New Delhi: When Indian grandmaster Viswanathan Anand put an incredible five World titles to his name yesterday, Sachin Tendulkar doffed his cap. There is no doubt that these two young men are way ahead of the rest in the race for the title of India's best sportsmen ever, and at this moment, many proud fans say its Vishy.
In beating Boris Gelfand in a tie-breaker at the World Chess Championship in Moscow, Anand defended his world chess title and won his fifth. After defeating the emotive and brooding Gelfand of Israel, Anand told reporters yesterday he had just had one very lucky escape. "I simply hung on for dear life," the 42-year-old said softly after winning an astonishingly tense shootout that organisers said was witnessed by tens of millions of the brain sport's enthusiasts on the Internet.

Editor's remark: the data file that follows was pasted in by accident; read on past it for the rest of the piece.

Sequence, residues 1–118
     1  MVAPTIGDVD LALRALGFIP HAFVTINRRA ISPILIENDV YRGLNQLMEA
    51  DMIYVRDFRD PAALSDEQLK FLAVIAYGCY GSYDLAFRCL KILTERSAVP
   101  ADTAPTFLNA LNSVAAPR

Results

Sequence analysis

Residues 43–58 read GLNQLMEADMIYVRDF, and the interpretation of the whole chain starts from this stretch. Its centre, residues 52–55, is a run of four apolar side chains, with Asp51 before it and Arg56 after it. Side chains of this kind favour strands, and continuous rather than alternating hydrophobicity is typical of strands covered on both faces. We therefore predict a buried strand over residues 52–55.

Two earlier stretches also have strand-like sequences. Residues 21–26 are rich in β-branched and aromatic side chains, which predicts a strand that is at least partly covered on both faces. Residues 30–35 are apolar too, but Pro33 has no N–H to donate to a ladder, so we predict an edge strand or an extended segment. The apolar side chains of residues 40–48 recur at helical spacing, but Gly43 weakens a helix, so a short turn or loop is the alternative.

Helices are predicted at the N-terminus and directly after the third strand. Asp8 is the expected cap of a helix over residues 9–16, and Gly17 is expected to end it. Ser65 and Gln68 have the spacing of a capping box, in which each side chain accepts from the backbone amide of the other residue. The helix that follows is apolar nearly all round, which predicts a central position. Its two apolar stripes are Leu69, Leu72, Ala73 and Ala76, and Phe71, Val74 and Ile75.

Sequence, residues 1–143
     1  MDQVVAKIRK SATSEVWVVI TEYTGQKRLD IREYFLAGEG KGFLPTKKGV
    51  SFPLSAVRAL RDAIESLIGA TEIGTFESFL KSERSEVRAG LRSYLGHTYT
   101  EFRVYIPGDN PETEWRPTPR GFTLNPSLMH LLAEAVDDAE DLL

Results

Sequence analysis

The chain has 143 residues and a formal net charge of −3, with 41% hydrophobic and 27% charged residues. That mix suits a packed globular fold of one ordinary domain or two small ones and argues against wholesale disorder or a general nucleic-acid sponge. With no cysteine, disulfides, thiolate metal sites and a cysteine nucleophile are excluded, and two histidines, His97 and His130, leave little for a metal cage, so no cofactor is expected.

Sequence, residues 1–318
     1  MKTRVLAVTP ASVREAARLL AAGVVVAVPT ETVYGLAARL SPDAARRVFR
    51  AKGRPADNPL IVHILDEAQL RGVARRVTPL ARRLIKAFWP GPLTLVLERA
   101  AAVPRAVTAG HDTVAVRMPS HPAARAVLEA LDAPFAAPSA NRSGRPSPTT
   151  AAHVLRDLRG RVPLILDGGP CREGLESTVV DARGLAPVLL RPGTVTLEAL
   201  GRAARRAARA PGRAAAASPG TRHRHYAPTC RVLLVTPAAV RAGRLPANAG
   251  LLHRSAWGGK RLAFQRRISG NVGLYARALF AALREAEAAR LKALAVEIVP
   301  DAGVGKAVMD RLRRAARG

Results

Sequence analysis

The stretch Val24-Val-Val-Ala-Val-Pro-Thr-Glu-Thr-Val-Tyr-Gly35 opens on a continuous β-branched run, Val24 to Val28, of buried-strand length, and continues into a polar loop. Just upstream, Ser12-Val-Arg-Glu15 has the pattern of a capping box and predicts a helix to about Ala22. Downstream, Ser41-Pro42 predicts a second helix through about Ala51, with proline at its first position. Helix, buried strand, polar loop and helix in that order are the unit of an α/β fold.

Facing criticism of being neither as sharp nor as inventive as in his mercurial youth, Anand showed the poise of a legend in his third title defence, his claim of being the flagbearer of the first post-Garry Kasparov generation secured.